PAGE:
In response to Julian’s recent comment from Gigrin I thought I’d do a post that looks at the parameters of working on such a shoot.
I would suggest working from the small tower hide that sits above the original lower hides. There is a further tower hide in construction at the moment and that looks like it will also be a good spot. The extra ten pounds is well worth it as you have much more space and an open aspect allowing for shots to be panned. It’s far easier following a bird here than in the lower hides. You need to book Â a few days before your visit as it gets fairly busy with photographers and only has room for five people. There is a roof but as you can see from the image it is really best to see it as an open air hide and as such you would need some form of rain protection fro the camera and lens.
What’s The Best Time?
Although feeding in winter is a 2.00pm (3.00pm after the clocks go forward in the spring), the best time to photograph is a couple of hours after this. The initial influx of kites, well over a hundred now, move in on mass and the whole area becomes a complex mix of birds. Kites, Buzzards and the Crows all come down at the same time and it’s hard to follow a particular bird. You find yourself not quite knowing which bird to follow! Later on the competition seems to diminish and the birds come in slower and in less numbers, giving a much better chance to stay with a bird and lock the focus onto it.
Tripod or Not?
Over a long session, I was in the hide for three and a half hours, it’s much easier and more comfortable to have the camera mounted on a tripod. It’s also far easier to pan and follow the birds with a tripod that moves freely as you pan and tilt with it. If you are using a bean bag in the tower hid you’ll find yourself kneeling down – not ideal and also difficult for those shots that are against the sky.
All the shots on the recent postings were taken with a 500m f4 lens. This is about the limit as ‘finding’ the birds can be difficult with a focal lengh above this. Remember with a DX format the effective focal length is actually more like 750mm. If your working with an FX format it retains its nominal focal length. At times, as the Kites wheel over your head, a 300mm would be better, but on the whole I would stick with a 500mm, or a 300mm with a 1.4 converter. The kites normally perch in the trees at the top of the feeding field and to reach them here it would be necessary to add Â a 1.4 or 1.7 converter to the 500mm. The White Kite in the tree was taken with the 500 and a 1.7.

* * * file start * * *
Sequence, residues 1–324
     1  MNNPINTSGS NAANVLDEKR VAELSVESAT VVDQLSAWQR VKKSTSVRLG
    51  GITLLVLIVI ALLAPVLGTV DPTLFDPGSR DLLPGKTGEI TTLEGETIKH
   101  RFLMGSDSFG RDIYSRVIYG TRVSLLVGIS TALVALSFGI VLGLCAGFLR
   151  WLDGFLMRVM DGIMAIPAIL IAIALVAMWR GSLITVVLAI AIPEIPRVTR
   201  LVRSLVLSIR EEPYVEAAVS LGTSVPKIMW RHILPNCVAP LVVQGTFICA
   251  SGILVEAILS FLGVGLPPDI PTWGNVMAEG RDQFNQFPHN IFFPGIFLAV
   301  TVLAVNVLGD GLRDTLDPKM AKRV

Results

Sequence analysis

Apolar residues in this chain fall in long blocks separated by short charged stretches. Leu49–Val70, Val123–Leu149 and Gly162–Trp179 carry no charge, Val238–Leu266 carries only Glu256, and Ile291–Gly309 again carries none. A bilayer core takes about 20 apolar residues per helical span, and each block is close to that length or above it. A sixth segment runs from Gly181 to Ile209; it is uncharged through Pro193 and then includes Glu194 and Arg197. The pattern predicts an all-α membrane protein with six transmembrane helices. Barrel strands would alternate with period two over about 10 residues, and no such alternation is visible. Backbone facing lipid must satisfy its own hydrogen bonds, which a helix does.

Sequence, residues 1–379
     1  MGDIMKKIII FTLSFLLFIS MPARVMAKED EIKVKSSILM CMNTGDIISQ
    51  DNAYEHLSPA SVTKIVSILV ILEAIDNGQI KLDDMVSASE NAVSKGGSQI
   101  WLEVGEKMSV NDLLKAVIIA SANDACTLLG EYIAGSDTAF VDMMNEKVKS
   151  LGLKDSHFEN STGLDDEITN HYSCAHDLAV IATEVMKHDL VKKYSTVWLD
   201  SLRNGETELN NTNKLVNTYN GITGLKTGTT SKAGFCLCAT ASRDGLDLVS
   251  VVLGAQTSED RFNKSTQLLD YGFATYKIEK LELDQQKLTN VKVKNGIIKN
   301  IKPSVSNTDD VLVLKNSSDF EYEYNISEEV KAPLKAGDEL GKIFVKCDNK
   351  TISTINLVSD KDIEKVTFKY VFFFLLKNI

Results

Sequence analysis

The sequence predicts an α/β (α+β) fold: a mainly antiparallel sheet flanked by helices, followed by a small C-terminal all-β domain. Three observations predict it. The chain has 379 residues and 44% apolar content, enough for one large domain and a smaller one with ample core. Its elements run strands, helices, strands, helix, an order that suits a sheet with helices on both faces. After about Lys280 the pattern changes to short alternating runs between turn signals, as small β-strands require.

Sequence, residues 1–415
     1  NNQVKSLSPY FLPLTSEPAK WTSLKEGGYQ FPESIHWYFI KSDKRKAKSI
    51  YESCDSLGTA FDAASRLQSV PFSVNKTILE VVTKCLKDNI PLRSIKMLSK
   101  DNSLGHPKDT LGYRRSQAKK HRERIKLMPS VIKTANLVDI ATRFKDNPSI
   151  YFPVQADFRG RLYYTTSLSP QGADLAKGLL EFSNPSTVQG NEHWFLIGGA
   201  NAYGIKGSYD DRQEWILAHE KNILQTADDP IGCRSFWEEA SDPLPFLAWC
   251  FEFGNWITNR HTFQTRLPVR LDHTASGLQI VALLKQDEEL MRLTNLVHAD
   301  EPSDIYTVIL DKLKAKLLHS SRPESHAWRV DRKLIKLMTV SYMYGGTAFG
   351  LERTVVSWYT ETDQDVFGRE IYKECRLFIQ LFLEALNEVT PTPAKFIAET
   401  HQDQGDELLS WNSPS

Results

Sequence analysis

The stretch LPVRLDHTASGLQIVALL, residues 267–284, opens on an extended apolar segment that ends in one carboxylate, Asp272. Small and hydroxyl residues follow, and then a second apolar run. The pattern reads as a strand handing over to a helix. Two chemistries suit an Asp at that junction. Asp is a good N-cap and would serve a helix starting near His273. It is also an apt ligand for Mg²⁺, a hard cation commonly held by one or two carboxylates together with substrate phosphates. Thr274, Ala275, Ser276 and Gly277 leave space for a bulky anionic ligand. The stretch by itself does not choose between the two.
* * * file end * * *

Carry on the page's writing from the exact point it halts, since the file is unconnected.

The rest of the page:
Always have your ISO as low as the light and lens will allow. Most of my shots on this last shoot were taken with the ISO set to 500 – I don’t like to go beyond this if at all possible. With a beautiful blue sky and the sun always with you at Gigrin, never directly in you eyes, I would be working at 200 ISO. This particular day the sky was overcast and allowing me to work with shutter speeds of between 1/500th second and 1/1000th second. With a tripod and careful panning, this is enough to keep the birds sharp. The aperture would be fully open, or one stop down most of the time, which keeps the birds sharp throughout. You could also in these circumstances where the difference in light levels between the sky and the ground is marked, use AUTO ISO (more about this in a forthcoming post)
Thank you for an excellent and very thorough article on Gigrin and photographing these wonderful birds. You have answered all my questions and more!
The shot of the Leucistic and Red is superb considering the magnification (12.75x if my calcs are right!). The eyes are super sharp and is well timed – with them both looking “towards” the camera.
Gigrin looks a special place and your images are helpful in illustrating what to expect. I look forward to making the trip up to Rhayader soon.
Very informative and inspirational as always.
Glad it was useful Julian, good luck when you go.
I assume you have a full frame camera Tim?
No Chris, still working with the Nikon D300 DX format at the moment.